Beverly’s Birthdays provides ‘cheer kits’ to help students celebrate |
Penn Hills

Beverly’s Birthdays provides ‘cheer kits’ to help students celebrate

Submitted by Mishelle Rayburg
First-grader Ehreion Bates celebrates her birthday Sept. 22 at Penn Hills Charter School of Entrepreneurship.

Mishelle Rayburg and other teachers at Penn Hills Charter School of Entrepreneurship now have some help making sure kids in their classrooms are treated to a proper celebration on their birthdays.

“I used to go out myself and buy birthday crowns for all of my students to try and make the day as special as possible,” Rayberg said.

Then the Pittsburgh nonprofit Beverly’s Birthdays joined the party by starting its Classroom Cheer program three years ago. Penn Hills charter is one of the schools in the Pittsburgh area that receives “cheer kits” from the group. The kits contain things to make students — many from poor families that can’t afford a celebration at home — feel special at school on their birthdays.

Beverly’s Birthdays was started in 2011 by Megs Yunn with the goal of raising money to help homeless kids in the Pittsburgh region celebrate their birthdays. Classroom Cheer was part of the program’s growth, co-director Josh Whiteside said.

The kits are delivered to more schools and include more now, he said. Crowns, capes, pencils, notebooks, badges and bracelets fill the kits, all intended to draw attention to the student on their birthday.

“The program targets fifth grade and under, where it’s still cool to do things like this,” Whiteside said. “It’s my dream that every single teacher, fifth grade and under, will have one of these kits one day.”

The organization last year distributed 500 cheer kits, each kit serving 30 students. A $10,000 grant from Target bolstered the program.

“We would love to grow the partnership with Target not only from a financial standpoint, but with supplies from them as well,” Whiteside said.

The Education Partnership — a Pittsburgh nonprofit providing students with supplies — helped Beverly’s Birthdays identify which schools had the most in-need, low-income students for the Classroom Cheer program.

“The program is a tool in these districts to be able to recognize these young children’s birthdays where otherwise that may not be possible,” Whiteside said. “This creates a level playing field where every student is getting recognized in the same way.”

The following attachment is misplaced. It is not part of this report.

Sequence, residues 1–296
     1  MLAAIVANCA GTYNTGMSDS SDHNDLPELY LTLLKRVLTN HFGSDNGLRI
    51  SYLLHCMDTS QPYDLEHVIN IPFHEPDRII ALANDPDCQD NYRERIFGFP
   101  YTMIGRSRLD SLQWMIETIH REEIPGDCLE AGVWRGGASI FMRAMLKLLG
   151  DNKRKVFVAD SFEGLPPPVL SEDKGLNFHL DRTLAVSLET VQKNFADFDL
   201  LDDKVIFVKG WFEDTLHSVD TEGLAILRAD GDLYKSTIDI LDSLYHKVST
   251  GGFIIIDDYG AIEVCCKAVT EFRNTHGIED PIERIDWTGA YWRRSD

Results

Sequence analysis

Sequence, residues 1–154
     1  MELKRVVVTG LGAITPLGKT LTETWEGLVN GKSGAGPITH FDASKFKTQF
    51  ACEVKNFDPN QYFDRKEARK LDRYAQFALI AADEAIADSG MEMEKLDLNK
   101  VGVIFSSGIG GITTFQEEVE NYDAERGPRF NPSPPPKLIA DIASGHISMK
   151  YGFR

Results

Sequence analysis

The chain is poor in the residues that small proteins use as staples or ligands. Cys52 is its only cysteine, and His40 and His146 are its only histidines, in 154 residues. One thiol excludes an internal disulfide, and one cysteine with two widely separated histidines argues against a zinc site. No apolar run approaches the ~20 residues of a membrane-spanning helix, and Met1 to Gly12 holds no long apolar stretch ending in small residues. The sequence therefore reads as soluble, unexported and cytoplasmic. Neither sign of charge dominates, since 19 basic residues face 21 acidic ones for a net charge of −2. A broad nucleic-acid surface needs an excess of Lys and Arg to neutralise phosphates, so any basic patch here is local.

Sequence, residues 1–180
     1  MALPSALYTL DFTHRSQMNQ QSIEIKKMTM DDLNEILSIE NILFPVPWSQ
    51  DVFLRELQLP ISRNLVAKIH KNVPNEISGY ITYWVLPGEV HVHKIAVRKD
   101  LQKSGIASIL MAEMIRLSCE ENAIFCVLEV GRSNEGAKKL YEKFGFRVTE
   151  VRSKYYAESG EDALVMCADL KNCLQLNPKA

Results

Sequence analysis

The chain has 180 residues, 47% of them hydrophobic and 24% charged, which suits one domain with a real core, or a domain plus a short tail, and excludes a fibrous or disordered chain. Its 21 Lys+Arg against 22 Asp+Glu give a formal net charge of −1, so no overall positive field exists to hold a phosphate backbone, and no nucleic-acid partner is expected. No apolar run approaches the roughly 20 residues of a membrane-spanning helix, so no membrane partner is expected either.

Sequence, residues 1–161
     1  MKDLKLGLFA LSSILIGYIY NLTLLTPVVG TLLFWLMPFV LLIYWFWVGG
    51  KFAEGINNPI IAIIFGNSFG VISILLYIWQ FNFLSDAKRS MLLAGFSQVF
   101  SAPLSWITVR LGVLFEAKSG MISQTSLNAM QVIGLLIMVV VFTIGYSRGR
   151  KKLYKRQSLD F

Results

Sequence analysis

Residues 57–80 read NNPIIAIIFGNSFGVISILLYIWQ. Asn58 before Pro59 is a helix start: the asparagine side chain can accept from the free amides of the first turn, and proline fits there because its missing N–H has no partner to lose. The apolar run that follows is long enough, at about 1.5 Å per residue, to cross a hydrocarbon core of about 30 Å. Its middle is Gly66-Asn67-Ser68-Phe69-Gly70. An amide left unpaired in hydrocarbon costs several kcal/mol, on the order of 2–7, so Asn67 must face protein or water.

Rayburg isn’t the only one who welcomes the help.

“I think financially it makes the parents feel better,” Rayburg said. “There was one little girl that said she didn’t get anything for her birthday because her mom couldn’t afford it. Watching her little smile light up at school here was awesome.”

Christine Manganas is a freelance writer.

TribLIVE commenting policy

You are solely responsible for your comments and by using you agree to our Terms of Service.

We moderate comments. Our goal is to provide substantive commentary for a general readership. By screening submissions, we provide a space where readers can share intelligent and informed commentary that enhances the quality of our news and information.

While most comments will be posted if they are on-topic and not abusive, moderating decisions are subjective. We will make them as carefully and consistently as we can. Because of the volume of reader comments, we cannot review individual moderation decisions with readers.

We value thoughtful comments representing a range of views that make their point quickly and politely. We make an effort to protect discussions from repeated comments either by the same reader or different readers

We follow the same standards for taste as the daily newspaper. A few things we won't tolerate: personal attacks, obscenity, vulgarity, profanity (including expletives and letters followed by dashes), commercial promotion, impersonations, incoherence, proselytizing and SHOUTING. Don't include URLs to Web sites.

We do not edit comments. They are either approved or deleted. We reserve the right to edit a comment that is quoted or excerpted in an article. In this case, we may fix spelling and punctuation.

We welcome strong opinions and criticism of our work, but we don't want comments to become bogged down with discussions of our policies and we will moderate accordingly.

We appreciate it when readers and people quoted in articles or blog posts point out errors of fact or emphasis and will investigate all assertions. But these suggestions should be sent via e-mail. To avoid distracting other readers, we won't publish comments that suggest a correction. Instead, corrections will be made in a blog post or in an article.